Virtual Meetings 101: Roles and Their Rules

Once you publish the agenda to your attendees, the second requirement is to select the team of people to help run the virtual meeting. Who will facilitate? Who will take the minutes? Who will be the technology guru?


Small meetings with less than 15 attendees can be run effectively with one person responsible for each role. Larger meetings require a different person to occupy each role. It is always best to have more help than you think that you need. An effective virtual meeting requires these three roles.


The Facilitator

This person focuses on achieving the meeting's objectives through honest collaboration. The rules for the facilitator are:

  • Start the meeting on time. Be respectful of the attendees who are on time. Don't wait for the latecomers.

  • Keep a neutral mindset.

  • Review the meeting's purpose and objectives.

  • Watch the clock to keep the meeting on schedule with the agenda.

  • Call a "time out" if the conversation becomes heated.

  • Call a "parking lot" if that item needs to be discussed in a different meeting or is not within scope.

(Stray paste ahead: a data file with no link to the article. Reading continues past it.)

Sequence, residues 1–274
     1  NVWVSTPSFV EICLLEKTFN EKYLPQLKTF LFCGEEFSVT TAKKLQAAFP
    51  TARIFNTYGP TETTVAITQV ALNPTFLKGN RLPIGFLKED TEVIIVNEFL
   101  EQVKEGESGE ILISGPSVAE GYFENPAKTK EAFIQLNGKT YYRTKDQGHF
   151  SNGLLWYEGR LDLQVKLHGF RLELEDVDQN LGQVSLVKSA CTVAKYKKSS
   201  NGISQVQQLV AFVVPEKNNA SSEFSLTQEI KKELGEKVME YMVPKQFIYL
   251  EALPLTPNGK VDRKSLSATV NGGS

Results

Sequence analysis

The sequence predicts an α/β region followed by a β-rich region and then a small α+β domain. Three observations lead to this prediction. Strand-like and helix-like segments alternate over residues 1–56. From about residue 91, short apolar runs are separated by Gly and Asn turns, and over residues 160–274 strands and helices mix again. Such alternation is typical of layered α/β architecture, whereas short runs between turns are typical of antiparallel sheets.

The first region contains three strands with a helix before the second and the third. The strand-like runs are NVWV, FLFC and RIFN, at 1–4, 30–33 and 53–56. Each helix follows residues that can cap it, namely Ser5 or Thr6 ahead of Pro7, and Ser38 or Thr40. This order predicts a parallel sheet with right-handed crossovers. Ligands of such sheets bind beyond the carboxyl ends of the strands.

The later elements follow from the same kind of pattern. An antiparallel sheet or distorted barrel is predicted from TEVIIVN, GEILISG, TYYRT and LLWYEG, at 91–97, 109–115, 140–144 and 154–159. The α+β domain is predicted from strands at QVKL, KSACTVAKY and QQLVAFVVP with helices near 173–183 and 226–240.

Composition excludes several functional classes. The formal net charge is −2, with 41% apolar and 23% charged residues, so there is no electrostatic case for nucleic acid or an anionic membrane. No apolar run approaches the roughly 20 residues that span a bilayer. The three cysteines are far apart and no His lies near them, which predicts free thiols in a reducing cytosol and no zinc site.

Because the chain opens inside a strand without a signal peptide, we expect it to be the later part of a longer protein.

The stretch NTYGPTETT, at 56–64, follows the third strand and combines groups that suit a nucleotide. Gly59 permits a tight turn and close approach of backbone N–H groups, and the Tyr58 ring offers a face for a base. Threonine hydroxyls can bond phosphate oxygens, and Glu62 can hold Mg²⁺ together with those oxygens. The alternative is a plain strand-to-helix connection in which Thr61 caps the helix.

• Call a "move on" if the allocated time for that topic has been exhausted. Identify the best way to proceed.

  • End the meeting on time or even a minute early.


The Minute Taker

This person documents the key discussion points and decisions on the agenda. The rules for the minute taker are:

  • Actively listen.

  • Summarize discussions for future reference.

  • Organize the information.

  • Confirm understanding.

  • Ask for clarity if unsure.


The Technology Guru

This person runs the technology platform, manages the chat and assists attendees that need technical support. The rules for the technology guru are:

  • Log in early to make sure connections, video and audio are working correctly.

  • Start dialogue in the chat window.

  • Monitor the chat window and assist facilitator.

  • Be available for attendees to contact for technical support before and during the meeting.

  • Start and stop the recording of the meeting.


Prior to the meeting, the facilitator, minute taker and technology guru should huddle up to review the agenda. If everyone follows the rules of their role, you are destined to have an effective and productive virtual meeting. Employees leave the meeting engaged and the organization gains momentum for future progress.

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